"When the Europeans landed, the forests were so thick it’s often been said that a squirrel could travel from the Atlantic coast to the Mississippi River without touching the ground. Squirrels can’t make that journey anymore. Dr. Doug Tallamy, who heads the Center for Managed Ecosystems at the University of Delaware in Newark, lists figures in his book Bringing Nature Home that cut to the heart of the problem. Seventy percent of the forests along the Eastern Seaboard are gone. In the lower 48 states, 43,500 square miles are paved with asphalt—an area five times the size of New Jersey—and 62,500 square miles are covered with sterile, nature-free lawns—an area eight times the size of New Jersey. “We’ve turned fifty-four percent of the lower forty-eight into a suburban matrix”—homes, roads, malls—“and forty-one percent more into various forms of agriculture.” And each year sprawl gobbles up two million more acres of wild land—an area the size of Yellowstone National Park."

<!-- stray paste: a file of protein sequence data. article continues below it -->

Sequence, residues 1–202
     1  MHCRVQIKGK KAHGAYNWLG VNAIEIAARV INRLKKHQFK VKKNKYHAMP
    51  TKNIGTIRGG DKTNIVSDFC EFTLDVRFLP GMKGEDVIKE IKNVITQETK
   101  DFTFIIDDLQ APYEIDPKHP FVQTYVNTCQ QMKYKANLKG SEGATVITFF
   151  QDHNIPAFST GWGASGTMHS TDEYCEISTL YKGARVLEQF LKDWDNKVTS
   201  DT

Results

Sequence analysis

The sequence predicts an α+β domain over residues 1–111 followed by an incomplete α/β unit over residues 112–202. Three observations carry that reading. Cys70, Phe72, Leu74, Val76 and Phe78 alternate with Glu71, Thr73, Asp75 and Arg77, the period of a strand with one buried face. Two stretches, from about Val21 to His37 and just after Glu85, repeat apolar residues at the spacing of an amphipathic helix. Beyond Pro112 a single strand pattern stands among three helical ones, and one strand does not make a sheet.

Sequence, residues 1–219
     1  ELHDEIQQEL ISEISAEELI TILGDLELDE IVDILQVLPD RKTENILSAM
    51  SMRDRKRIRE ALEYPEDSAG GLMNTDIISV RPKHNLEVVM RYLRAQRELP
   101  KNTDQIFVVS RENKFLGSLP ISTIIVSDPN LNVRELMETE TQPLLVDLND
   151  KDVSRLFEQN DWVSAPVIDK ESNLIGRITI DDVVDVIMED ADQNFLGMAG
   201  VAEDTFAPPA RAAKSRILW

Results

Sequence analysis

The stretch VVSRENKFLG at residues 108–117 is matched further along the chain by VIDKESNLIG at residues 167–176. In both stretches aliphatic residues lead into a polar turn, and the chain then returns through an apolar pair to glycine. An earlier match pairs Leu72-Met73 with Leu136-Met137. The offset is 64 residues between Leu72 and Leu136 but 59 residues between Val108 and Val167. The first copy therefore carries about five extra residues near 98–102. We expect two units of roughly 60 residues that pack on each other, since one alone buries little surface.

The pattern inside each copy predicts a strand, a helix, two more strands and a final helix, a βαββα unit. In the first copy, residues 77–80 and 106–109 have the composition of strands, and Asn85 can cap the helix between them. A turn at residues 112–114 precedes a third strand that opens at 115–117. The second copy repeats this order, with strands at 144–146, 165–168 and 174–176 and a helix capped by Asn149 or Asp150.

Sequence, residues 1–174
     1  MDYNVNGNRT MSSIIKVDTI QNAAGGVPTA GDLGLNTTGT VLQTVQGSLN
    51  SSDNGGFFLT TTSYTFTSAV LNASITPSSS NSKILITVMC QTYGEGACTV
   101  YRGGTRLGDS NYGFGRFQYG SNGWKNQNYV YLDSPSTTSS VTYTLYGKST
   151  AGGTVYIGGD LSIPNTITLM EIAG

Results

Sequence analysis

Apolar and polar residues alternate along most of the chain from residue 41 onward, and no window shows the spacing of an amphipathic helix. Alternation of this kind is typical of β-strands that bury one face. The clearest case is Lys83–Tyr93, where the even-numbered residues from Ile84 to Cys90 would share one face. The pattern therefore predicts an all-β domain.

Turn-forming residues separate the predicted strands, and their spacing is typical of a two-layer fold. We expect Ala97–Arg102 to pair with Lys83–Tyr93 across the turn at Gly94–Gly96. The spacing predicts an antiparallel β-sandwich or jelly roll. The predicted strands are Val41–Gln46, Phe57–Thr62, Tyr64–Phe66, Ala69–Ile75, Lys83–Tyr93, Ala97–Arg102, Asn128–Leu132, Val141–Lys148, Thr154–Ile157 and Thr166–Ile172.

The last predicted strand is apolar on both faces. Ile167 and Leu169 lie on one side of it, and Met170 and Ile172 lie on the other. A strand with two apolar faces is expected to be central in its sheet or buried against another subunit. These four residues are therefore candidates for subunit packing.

- Excerpted from the book, The Man Who Planted Trees: A Story of Lost Groves, the Science of Trees, and a Plan to Save the Planet by Jim Robbins.